Obviously this is an old post and I am just stumbling across it. I am a church planting pastor’s wife with 3 children under the age of 5. I have been frustrated lately with the amount of women who use the excuse that their family is their ministry in order to avoid being involved in external ministry to the lost people of our neighborhoods and community. I am thankful for your post that we have a calling to our relationship with God, then spouse, then children but many people stop there and don’t continue with the call to be a light to the world. The methods will vary but what a better way to teach our children to have compassion and be others focused? Our 3 young children very often accompany us for ministry events. They are learning that life does not revolve around them.

    Maybe sometimes the reason we are so exhausted at home is that we are focused on ourselves and our immediate situation rather than meeting the needs of others around us. That can be energizing, refreshing, and motivating.


  9. 9 zimmash January 14, 2013 at 12:41 am

    This was SO refreshing! I am also a stateside missionary, working with college students. I am not a mom yet, but we have been processing it for a very long time. As part of my processing, I’ve been listening to other Christian women’s opinions and ideas about motherhood and, to be honest, it’s been very tiring. The most common idea I hear is that the most important way God wants to use us is in the home, so we need to leave our jobs and ambitions and realize that the calling of motherhood is the highest.
    This is a struggle for me because they seem to all encourage motherhood ministry to the exclusion of marketplace, cultural, natural, vocational, or church ministry (to name a few of the ministries any given woman has).

    You seem to be hitting on something I’ve been thinking a lot about lately and so it’s really affirming to me. In my missions organization, we have a paradigm for understanding different types of evangelism– there are three “modes:” natural mode, body mode, and ministry mode. Natural mode is when you initiate to share Christ with those people whom you already have a relationship with (friends, neighbors, family). Body mode evangelism is when you initiate to share Christ with someone who has been exposed to the body of Christ first (thus seeing the gospel at work) but may not have had the gospel explained to them in a way that they can respond yet (a visitor to church, a new person at a prayer meeting). Lastly, ministry mode evangelism is initiating to share Christ with someone you would’ve never come into contact with had you not gone out and initiated with them (ie: random street evangelism). All require initiative and employ relationships but they differ in how the gospel is received and followed up (plusses and minuses for each of them). The bottom line is, neither of these modes should be practiced to the exclusion of another. Those who participate in only ministry mode evangelism are sadly missing out on what God might show or teach them if they shared Christ with their friends. Likewise, those who participate in only natural mode miss out on the practice and countless opportunities to share Christ when initiating through ministry mode, for example. Many women encourage women to practice natural mode discipleship with their children to the exclusion of ministry and body mode discipleship in their neighborhood, their churches, and their vocational ministry. Thanks for speaking into this!!!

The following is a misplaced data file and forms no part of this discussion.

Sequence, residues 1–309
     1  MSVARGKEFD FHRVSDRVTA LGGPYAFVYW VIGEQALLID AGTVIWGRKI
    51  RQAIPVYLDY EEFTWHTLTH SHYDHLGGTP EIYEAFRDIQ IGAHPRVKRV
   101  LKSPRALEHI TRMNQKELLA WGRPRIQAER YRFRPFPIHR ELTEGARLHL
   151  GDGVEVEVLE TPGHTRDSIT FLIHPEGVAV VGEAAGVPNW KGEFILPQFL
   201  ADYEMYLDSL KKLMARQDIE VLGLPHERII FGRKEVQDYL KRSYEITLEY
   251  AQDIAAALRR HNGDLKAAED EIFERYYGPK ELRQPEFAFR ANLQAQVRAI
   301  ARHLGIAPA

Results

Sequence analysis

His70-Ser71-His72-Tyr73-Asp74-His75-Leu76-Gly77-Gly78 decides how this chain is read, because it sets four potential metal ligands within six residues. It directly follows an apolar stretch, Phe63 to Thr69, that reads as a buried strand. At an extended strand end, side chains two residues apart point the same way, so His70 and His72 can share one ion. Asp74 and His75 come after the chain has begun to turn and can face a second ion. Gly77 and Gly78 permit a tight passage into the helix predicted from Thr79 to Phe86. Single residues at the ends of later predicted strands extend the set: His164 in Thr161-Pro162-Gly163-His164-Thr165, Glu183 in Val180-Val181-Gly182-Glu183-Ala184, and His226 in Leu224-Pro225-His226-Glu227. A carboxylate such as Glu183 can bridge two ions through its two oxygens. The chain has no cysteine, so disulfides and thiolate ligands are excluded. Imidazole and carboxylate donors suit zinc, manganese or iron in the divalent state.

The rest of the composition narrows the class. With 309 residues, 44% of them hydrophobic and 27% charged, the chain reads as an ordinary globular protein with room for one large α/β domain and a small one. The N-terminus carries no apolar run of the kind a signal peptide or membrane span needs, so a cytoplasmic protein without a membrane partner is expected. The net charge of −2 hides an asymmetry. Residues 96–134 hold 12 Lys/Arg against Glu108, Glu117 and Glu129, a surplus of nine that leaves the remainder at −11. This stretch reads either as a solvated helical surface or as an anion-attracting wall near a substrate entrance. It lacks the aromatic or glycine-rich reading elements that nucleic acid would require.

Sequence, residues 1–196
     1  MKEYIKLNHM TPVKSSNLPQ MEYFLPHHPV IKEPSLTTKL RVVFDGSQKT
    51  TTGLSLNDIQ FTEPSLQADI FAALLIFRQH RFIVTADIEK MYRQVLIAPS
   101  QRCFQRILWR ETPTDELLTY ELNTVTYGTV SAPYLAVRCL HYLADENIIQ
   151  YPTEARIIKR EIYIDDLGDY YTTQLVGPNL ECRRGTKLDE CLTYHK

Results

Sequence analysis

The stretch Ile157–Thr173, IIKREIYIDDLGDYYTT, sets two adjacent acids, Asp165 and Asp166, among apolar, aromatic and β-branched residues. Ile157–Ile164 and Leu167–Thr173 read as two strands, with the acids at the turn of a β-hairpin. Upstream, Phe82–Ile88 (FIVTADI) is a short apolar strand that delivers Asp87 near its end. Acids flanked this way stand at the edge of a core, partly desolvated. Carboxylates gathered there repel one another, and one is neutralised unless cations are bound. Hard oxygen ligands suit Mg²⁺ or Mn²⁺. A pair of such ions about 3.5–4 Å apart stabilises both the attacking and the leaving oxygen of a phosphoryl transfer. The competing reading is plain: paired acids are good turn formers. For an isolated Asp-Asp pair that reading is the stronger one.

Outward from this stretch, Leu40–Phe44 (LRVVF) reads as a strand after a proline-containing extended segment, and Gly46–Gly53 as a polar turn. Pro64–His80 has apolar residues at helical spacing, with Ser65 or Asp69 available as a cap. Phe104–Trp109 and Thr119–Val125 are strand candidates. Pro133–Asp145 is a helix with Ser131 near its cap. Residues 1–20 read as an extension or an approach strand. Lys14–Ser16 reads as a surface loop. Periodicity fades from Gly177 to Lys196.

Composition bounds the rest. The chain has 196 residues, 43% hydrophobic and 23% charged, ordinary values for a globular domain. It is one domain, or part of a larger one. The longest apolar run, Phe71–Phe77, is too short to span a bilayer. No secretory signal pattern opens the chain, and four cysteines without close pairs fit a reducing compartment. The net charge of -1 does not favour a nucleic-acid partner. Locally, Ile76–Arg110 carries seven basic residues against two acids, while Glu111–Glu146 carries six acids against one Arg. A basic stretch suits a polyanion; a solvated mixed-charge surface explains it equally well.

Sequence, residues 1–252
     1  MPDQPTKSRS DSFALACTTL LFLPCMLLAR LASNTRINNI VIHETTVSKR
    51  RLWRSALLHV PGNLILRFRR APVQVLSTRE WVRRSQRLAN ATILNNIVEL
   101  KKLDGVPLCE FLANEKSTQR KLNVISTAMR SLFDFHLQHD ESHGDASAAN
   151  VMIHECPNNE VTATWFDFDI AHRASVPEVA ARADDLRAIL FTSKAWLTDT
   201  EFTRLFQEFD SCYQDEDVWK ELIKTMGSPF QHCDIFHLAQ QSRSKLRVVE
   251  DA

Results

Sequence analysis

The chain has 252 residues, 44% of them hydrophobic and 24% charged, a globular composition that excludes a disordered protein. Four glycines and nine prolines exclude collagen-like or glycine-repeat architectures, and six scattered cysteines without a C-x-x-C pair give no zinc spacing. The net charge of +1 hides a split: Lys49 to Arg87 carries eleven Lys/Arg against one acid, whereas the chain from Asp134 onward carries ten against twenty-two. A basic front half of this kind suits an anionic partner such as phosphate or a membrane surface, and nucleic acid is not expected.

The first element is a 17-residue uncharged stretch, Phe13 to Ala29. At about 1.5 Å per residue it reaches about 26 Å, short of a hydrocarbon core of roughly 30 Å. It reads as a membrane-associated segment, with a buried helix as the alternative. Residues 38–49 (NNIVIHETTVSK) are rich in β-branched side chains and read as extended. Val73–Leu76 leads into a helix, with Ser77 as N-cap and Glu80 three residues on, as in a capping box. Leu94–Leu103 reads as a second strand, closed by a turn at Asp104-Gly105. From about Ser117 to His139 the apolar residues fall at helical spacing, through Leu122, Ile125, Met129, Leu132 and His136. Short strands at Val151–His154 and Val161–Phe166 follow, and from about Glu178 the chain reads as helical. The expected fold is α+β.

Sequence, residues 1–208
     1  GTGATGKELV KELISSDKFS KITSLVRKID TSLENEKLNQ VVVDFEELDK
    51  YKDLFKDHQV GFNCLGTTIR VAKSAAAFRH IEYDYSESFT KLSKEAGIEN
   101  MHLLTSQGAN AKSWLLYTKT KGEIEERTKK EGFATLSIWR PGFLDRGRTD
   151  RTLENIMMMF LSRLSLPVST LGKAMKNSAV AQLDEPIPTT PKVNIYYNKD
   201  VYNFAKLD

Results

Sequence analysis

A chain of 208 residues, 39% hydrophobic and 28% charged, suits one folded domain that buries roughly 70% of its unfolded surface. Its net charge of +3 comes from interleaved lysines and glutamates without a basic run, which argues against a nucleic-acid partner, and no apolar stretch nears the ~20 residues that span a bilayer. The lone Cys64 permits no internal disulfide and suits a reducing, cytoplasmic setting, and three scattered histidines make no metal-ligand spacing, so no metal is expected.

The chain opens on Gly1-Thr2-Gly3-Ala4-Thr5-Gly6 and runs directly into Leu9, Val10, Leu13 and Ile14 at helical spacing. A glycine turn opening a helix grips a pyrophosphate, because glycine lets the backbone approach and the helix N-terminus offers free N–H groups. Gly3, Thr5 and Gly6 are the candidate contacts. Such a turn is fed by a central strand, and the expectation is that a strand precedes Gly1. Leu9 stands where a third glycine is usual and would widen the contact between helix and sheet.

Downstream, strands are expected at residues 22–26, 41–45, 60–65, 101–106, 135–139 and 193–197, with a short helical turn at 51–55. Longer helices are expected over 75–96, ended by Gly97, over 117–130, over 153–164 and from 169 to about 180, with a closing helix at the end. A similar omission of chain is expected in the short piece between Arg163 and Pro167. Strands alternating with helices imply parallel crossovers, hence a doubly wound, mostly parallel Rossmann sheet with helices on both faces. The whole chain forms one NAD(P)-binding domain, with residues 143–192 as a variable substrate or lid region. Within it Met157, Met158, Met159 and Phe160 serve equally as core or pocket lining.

1. 1 1st Blogiversary! « Missionary Moms Trackback on February 8, 2010 at 5:06 am